An International Centre for Settlement of Investment Disputes (ICSID) tribunal has recently dismissed the jurisdictional challenges of the Republic of Cyprus and is pushing ahead with a multiparty arbitration commenced by former depositors and bondholders of Laiki Bank and the Bank of Cyprus.
The decision to allow a multiparty ICSID arbitration supports an earlier decision of an ICSID tribunal in a claim by 60,000 claimants against Argentina.
On 7 February 2020, an ICSID tribunal (the Tribunal) released its decision, following a jurisdictional challenge in proceedings brought by more than 900 former depositors and bondholders of Laiki Bank and the Bank of Cyprus (the Claimants) against the Republic of Cyprus (Cyprus) in relation to losses suffered following the restructuring of Laiki Bank and the Bank of Cyprus during the financial crisis in Cyprus of 2013 (Adamakopoulos). The Claimants claim that the restructuring of the banks violated Cyprus’s obligations under two bilateral investment treaties (BITs) entered into by Cyprus.
Following the decision of the Court of Justice of the European Union (CJEU) in Achmea, in which the CJEU held that the Treaty on the Functioning of the European Union was to be interpreted as precluding the operation of investor-state dispute settlement provisions in BITs, Cyprus objected to the Tribunal’s jurisdiction under the relevant BITs. It further argued that the Tribunal lacked jurisdiction over claims brought by numerous investors. By a 2–1 majority, the Tribunal rejected Cyprus’s challenges to its jurisdiction and held that it has jurisdiction to hear the multiparty claim.
Recourse for Lost Investments
The Adamakopoulos decision paves the way for former depositors and bondholders to seek nondomestic recourse against Cyprus. A string of unsuccessful claims pursued by former depositors and bondholders of Laiki Bank and the Bank of Cyprus in the CJEU will have likely discouraged many former depositors and bondholders from considering legal action against Cyprus under EU law (see judgments in Joined Cases C-8/15 P to C-10/15 P, Joined Cases C-105/15 P to C-109/15 P, Case T-680/13, and Case T-786/14).
Bringing a claim for breach of the protections granted to foreign investors under one of Cyprus’s BITs presents an attractive alternative, albeit one that was rendered uncertain by the Achmea decision. With the Tribunal’s rejection of Cyprus’s arguments that EU law supersedes the BITs in question and that EU law overrides the applicable international law, the uncertainty created by Achmea is dispelled.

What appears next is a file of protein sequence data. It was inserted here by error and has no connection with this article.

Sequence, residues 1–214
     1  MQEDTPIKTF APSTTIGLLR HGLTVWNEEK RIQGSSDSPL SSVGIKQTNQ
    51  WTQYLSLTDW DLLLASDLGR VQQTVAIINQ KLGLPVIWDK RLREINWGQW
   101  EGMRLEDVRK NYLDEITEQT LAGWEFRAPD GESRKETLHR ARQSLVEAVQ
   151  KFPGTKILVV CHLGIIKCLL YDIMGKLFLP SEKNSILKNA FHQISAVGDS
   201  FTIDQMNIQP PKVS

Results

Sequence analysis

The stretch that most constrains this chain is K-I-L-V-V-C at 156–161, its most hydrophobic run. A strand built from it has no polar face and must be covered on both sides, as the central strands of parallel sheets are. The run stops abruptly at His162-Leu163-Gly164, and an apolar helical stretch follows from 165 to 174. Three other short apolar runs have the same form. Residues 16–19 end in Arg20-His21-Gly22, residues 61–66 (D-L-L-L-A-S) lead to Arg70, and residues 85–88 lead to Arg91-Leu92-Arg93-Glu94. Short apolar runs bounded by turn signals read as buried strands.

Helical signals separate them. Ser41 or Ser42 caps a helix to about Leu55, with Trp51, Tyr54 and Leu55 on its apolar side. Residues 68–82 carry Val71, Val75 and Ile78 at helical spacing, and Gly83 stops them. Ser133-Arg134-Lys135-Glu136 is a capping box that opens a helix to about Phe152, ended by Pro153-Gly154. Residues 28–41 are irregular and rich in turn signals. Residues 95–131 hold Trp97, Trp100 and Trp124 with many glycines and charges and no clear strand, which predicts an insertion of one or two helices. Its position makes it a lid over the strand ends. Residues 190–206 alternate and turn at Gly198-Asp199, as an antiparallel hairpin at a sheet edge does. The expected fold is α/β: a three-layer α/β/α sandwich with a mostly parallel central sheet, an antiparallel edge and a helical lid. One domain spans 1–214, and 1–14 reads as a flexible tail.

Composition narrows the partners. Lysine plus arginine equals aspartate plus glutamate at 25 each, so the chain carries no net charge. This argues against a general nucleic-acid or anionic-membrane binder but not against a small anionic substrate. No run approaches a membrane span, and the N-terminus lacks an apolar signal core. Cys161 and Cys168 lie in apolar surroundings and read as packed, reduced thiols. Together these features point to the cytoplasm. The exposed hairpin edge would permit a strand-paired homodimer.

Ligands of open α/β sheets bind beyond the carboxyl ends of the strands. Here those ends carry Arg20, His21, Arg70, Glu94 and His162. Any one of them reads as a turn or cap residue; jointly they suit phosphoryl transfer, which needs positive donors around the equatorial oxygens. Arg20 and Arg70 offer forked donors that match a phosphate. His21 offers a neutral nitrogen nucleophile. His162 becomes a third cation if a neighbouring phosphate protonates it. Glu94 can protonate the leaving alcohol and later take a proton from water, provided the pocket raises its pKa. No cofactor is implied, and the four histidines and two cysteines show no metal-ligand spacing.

The Tribunal held that its jurisdiction arises out of international law, rather than EU law, and that as such, it is not subject to the judgements of the CJEU. The prospect of pursuing legal recourse by way of an ICSID arbitration may therefore now be an attractive option for former depositors and bondholders who suffered losses following the restructuring of Laiki Bank and the Bank of Cyprus, particularly where claims brought before the CJEU are being routinely denied.
At present, there are 24 BITs still in force to which Cyprus is a party. Following the Adamakopoulos decision, whether a former depositor or bondholder of Laiki Bank or the Bank of Cyprus under the protection of one of these 24 BITs can bring a claim by way of international arbitration, will depend, among other things, on the following:
The above considerations must be considered by any potential claimant.
International investors under the protection of an intra-EU BIT will need to further consider the implications of the recent Agreement for the Termination of Bilateral Investment Treaties between the member states of the European Union, signed by 23 member states on 5 May 2020. The agreement purports to terminate all intra-EU BITs between those member states and to revoke any sunset clauses allowing for the extension of protection following termination.